Today, Pimlico is a bustling , diverse and densely-populated part of London. It occupies the north bank of the Thames between Vauxhall Bridge and Chelsea Bridge and is perhaps best known for its handsome white stucco buildings, part of Thomas Cubitt’s distinctive development of the area in early 19th century.
Cubitt’s building plan for Pimlico was implemented in 1820s, and radically changed the nature of this area of London. Before his famous residential terraces were built, much of the land had been dedicated to the growing industry and Pimlico was famous as the home of the Neat House Gardens.
In the 17th and 18th centuries, market gardens surrounded London and provided the fruit and vegetables on which the city’s inhabitants thrived. The Neat House Gardens were named after the Manor of Neyte and occupied approximately 100 acres, with cauliflowers, asparagus, artichokes, spinach, radishes and melons featuring among its produce. The land was ideal for gardening as it was low-lying with a high water table. Pasture was not far away, so there was also easy access to large quantities of manure.
Alehouses cropped up all around the gardens, and Neat Houses became known as a place of recreation and revelry. Many people travelled from the city to the many tea gardens in the area, and among them was one Samuel Pepys:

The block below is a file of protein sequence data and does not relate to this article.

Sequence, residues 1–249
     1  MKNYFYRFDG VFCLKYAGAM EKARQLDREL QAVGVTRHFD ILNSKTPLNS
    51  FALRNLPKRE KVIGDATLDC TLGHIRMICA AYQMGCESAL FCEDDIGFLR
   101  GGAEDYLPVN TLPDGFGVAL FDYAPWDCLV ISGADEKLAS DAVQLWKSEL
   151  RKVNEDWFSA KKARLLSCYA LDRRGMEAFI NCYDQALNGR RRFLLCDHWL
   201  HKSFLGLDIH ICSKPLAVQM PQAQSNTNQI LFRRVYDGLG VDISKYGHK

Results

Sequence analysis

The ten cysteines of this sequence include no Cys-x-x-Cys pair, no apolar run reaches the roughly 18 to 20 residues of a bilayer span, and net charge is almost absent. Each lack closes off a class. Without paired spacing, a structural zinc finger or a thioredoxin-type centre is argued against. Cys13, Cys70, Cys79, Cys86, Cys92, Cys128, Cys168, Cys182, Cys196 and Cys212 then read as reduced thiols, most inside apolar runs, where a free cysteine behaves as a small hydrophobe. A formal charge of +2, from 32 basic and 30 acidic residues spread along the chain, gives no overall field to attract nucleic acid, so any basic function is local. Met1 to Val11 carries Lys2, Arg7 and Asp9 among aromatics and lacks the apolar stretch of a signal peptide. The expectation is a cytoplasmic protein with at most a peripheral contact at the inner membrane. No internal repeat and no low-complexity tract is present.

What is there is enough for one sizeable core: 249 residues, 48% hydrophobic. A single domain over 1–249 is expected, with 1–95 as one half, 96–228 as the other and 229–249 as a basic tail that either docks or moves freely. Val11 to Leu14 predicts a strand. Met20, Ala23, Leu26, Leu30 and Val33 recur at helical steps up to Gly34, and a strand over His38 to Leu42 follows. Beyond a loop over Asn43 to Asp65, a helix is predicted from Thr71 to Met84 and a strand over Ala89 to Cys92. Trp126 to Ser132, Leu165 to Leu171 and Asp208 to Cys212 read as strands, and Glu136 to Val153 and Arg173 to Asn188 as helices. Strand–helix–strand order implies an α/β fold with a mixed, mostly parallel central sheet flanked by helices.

After the play, we into the house, and spoke with Knipp, who went abroad with us by coach to the Neat Houses in the way to Chelsy; and there, in a box in a tree, we sat and sang, and talked and eat; my wife out of humour, as she always is, when this woman is by.
Diary of Samuel Pepys, 1August 1667
Henry Wise, Royal Gardener to Queen Anne and designer of Kensington Gardens had gardens at Neat Houses, but many of the gardeners were tenants who farmed just a small patch of land.
At the turn of the 19th Century the population of London was expanding rapidly and there was increasing pressure on the gardeners to give up their land to prospective builders. John Johnson bought the lease for much of the land in Pimlico in 1817 but found his proposals constantly thwarted by the gardeners. In 1825 Johnson gave up his battle against the gardeners, but threat to Neat Houses remained as real as ever as he sold his interest in the land to Thomas Cubitt.
The writing was on the wall for the Gardens and it was now only a matter of time before roads and large-scale building works would change the character of Pimlico entirely. Today nothing remains of The Neat House Gardens, but if you come along to Westminster Archives Centre you can relive their glory days through our collections of books, maps and prints.